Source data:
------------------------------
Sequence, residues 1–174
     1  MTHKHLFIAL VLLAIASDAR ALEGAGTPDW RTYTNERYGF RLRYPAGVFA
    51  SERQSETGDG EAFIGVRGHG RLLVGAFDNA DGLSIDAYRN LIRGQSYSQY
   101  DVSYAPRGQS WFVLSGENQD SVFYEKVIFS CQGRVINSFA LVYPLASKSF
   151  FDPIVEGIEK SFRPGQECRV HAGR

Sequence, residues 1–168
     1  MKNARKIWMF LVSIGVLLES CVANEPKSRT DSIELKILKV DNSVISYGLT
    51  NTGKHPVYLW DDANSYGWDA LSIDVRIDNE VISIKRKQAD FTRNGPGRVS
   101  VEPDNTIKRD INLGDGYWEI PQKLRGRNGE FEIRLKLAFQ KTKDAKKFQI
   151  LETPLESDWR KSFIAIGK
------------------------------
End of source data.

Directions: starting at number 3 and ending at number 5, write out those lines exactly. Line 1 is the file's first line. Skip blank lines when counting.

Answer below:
    51  SERQSETGDG EAFIGVRGHG RLLVGAFDNA DGLSIDAYRN LIRGQSYSQY
   101  DVSYAPRGQS WFVLSGENQD SVFYEKVIFS CQGRVINSFA LVYPLASKSF
   151  FDPIVEGIEK SFRPGQECRV HAGR